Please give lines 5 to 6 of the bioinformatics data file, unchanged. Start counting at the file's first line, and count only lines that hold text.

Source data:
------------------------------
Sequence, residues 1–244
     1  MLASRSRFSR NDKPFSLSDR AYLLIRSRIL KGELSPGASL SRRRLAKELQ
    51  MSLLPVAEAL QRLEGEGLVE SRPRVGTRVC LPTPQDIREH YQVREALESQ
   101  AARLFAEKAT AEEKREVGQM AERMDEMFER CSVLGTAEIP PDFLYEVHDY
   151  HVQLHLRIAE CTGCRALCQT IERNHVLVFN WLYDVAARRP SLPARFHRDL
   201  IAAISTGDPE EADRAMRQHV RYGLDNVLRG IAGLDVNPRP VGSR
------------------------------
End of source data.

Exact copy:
   151  HVQLHLRIAE CTGCRALCQT IERNHVLVFN WLYDVAARRP SLPARFHRDL
   201  IAAISTGDPE EADRAMRQHV RYGLDNVLRG IAGLDVNPRP VGSR